Too many clients today are so focused on cost-cutting, they ignore the most essential part of effective marketing—customization. You can’t order custom marketing the same way you would order a replacement machine part. And let’s face it—every marketing effort for every client is a custom-tailored fit.
Today, the agency-client conversation is likely to happen as follows:
A CEO tells his marketing people to find a vendor to produce parts of the new product launch. The marketing director is required to use the company’s procurement department. The procurement officer is charged with getting the lowest bid for the project. Results are not part of that consideration. Several area agencies are sent RFPs, requiring that they submit proposals per rigidly specific written requirements; agree that any ideas submitted become the property of the requesting client (without compensation to the agency, of course), and demanding a ridiculous number of elements for an insanely small budget. They may also dictate certain “creative” elements as already set in stone. A few desperate agencies may actually respond. The smart ones sigh, toss the RFP into the nearest round file, and get on with doing custom work for those few clients who understand that every marketing effort requires a custom plan and execution.
It’s like ordering a custom-tailored suit. You do some research, check reviews and recommendations, find a good tailor and make an appointment to discuss your needs. You explain what you are looking for; he suggests a few ideas you like; you discuss further, and he suggests he show you some similar suits. You choose cuts and fabrics with his guidance, based on which he produces an estimate, which includes a certain number of fittings. Based on all of the tailor’s positive recommendations, you agree to the price; it is a custom suit, after all. He takes your measurements, tells you when to expect a call for a fitting, and sends you on your way.
This is how clients used to work with ad agencies and marketing firms.
Companies would say, “We have a new product launch coming up. Let’s find a good agency to help us with that.” They do some investigating online, talk to business associates about their ad agencies, maybe get a strong recommendation to your agency from a past or current client. They issue an invitation to discuss the assignment. They provide background, you ask smart questions about their needs and objectives. They say, “This is what we had in mind,” and detail some campaign elements. You perhaps make some alternative suggestions. They eventually agree to a list of items to include in the scope of work, and you ask them to give you a day to assemble an estimate, as there are some variables you need to confirm.
Your agency estimators meet with the AE/principal and discuss the client’s needs. Costs are calculated. You build a tiered proposal, so the client has options on what they want to spend, and adjust each tier based on the value you’ll deliver to the client. You may suggest a risk/reward element—if you exceed the objectives you gain an additional fee for each percentage of improved results. You return to the client to share your proposals. After some budgetary and timing discussions, they select a project tier and they sign off on a scope of work based on that pricing. Then you get to work.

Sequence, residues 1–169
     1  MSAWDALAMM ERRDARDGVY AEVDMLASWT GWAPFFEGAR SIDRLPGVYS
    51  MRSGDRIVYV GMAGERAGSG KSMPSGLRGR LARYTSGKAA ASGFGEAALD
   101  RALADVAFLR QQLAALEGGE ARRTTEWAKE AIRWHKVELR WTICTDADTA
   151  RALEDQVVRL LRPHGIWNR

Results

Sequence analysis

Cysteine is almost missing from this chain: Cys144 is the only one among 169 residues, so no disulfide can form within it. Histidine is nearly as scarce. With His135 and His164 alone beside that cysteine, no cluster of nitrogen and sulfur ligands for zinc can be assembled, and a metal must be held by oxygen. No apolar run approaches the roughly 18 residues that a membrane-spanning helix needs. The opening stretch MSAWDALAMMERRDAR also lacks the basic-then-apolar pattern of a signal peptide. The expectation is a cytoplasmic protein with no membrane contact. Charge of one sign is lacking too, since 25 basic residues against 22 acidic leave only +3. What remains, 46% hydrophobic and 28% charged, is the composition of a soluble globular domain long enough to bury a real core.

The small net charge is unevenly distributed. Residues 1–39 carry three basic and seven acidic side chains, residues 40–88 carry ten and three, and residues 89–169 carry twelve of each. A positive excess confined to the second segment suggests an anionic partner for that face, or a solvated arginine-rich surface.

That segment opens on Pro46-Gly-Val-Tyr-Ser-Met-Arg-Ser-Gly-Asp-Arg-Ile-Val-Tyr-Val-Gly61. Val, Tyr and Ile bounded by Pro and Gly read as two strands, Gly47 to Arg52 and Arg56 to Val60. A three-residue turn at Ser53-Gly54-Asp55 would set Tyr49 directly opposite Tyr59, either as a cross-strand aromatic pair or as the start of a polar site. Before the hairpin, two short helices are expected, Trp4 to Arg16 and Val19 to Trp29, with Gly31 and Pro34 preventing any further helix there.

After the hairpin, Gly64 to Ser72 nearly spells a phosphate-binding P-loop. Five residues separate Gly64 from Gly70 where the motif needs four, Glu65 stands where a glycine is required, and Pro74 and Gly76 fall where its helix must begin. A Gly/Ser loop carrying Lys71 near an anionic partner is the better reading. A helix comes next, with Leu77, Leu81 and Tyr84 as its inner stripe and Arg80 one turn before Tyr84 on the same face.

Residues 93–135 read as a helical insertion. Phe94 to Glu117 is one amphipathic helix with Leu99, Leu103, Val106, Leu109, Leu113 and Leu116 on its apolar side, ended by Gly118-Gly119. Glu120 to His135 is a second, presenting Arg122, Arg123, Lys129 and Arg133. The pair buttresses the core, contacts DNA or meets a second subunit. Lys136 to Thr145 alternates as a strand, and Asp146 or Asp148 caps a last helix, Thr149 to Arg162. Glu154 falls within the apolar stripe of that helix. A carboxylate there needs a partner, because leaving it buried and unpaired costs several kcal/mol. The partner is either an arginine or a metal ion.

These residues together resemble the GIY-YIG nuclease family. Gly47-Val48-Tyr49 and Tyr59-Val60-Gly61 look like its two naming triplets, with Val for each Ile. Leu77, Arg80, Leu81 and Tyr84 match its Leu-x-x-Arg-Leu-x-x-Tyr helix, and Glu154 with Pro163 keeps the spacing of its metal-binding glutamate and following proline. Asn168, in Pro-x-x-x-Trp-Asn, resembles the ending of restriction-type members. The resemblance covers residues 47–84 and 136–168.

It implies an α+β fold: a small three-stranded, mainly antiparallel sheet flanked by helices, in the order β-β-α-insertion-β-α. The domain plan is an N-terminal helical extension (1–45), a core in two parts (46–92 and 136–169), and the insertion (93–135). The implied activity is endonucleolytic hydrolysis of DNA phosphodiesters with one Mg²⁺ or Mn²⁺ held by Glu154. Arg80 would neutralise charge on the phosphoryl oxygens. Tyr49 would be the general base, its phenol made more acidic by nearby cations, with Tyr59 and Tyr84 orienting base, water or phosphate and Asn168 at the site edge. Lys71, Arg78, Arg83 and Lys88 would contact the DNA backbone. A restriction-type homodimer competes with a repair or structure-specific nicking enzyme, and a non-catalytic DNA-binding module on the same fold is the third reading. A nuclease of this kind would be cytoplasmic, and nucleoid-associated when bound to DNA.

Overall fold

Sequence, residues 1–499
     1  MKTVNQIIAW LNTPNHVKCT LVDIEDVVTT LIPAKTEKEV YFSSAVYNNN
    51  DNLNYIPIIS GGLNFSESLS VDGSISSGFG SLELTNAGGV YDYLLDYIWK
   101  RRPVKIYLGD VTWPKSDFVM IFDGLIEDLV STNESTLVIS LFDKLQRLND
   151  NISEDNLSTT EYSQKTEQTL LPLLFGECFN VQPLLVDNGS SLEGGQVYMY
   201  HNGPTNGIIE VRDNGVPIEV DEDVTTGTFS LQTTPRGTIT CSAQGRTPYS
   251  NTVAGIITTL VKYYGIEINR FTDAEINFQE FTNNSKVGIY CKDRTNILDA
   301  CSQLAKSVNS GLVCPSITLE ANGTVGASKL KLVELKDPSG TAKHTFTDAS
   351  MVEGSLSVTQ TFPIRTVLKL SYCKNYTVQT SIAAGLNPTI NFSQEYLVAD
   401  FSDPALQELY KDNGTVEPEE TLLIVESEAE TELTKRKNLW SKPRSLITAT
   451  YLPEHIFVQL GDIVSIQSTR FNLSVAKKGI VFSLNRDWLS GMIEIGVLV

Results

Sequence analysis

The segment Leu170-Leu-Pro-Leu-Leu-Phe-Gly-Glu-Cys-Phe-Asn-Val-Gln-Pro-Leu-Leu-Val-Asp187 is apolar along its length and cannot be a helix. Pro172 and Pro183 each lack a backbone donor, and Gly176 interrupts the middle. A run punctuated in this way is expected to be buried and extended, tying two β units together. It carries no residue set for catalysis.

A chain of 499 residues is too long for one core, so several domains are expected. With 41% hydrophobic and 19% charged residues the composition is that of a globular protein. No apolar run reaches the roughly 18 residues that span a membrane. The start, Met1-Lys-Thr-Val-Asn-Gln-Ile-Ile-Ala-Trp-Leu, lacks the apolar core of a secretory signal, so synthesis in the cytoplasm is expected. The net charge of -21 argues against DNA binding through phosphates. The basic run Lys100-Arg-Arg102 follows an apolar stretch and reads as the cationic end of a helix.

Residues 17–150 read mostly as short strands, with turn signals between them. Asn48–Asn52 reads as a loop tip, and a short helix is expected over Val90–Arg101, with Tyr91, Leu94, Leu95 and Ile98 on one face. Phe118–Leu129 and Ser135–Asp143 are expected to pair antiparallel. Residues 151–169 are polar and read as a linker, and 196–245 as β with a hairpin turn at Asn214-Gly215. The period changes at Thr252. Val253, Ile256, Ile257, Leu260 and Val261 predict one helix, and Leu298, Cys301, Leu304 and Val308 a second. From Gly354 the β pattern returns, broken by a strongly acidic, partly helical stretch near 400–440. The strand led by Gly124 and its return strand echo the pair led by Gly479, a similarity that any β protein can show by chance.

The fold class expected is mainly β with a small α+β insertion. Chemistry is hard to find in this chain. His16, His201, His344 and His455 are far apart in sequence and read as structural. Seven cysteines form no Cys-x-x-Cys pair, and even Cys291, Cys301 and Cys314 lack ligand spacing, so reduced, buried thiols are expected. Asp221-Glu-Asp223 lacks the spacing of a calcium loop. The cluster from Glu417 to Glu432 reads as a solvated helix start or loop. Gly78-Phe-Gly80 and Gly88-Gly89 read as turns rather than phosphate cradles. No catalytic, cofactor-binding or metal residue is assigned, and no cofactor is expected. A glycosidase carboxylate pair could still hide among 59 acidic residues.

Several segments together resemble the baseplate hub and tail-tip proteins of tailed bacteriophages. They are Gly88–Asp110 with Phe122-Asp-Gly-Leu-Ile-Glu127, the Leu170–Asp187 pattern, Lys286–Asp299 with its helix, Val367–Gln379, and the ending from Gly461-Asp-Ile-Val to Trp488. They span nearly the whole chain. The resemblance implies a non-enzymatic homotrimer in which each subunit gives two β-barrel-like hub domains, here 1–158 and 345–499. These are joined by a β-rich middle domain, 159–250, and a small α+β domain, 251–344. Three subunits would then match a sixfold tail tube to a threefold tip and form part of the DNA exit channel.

You research the client, competition, industry and specific situation. The account planners offer insights and draft a creative brief. The brief is approved by the client. The creative team develops concepts based on the brief, the AE and CD present the best idea to the client. There is some discussion and feedback; perhaps a second round of creative is needed to tighten up the concept. The client oks the second presentation and the agency executes the idea, and measures results. There may even be further “alterations” as you test and refine messages.
It is a custom-tailored marketing effort from start to finish.
Be a custom tailor, not off the rack.
Marketing is only partly a science; there is a lot of art in the conception, execution and delivery of a marketing campaign. That variability makes bottom-line-focused C-suite types, and their procurement officers, very uncomfortable. By ignoring the customized nature of marketing, they end up contracting the lowest tier vendor agencies to do prescribed marketing work, and then wonder why their results are off-target, disappointingly bland, or simply ineffective.
We’ve written elsewhere about the need for agencies to sell value, not deliverables. What results will your work provide? What are those results worth to the client? If clients insist on contracting low-bid vendors to give orders to, they shouldn’t be surprised when the results are awful, versus what a true marketing consultancy would provide. Agencies can’t accept lowest-bid work and then claw their way to a consultancy position. Agencies are custom tailors, not selling ideas off the rack.
Build your reputation around smart, accountable and creatively brilliant work. Decline to work for the lowest bid. There are better ways to get your foot in the door than accepting RFPs that corner you into the vendor category. You produce custom marketing for clients willing to pay for the best—a custom fit.